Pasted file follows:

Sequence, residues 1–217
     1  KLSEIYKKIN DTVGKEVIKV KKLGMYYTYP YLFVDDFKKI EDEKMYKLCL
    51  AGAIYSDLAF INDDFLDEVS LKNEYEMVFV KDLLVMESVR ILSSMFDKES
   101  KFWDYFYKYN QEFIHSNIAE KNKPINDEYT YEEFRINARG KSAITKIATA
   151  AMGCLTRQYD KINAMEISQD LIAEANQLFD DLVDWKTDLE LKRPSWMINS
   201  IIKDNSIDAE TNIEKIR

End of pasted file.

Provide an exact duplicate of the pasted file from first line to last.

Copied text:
Sequence, residues 1–217
     1  KLSEIYKKIN DTVGKEVIKV KKLGMYYTYP YLFVDDFKKI EDEKMYKLCL
    51  AGAIYSDLAF INDDFLDEVS LKNEYEMVFV KDLLVMESVR ILSSMFDKES
   101  KFWDYFYKYN QEFIHSNIAE KNKPINDEYT YEEFRINARG KSAITKIATA
   151  AMGCLTRQYD KINAMEISQD LIAEANQLFD DLVDWKTDLE LKRPSWMINS
   201  IIKDNSIDAE TNIEKIR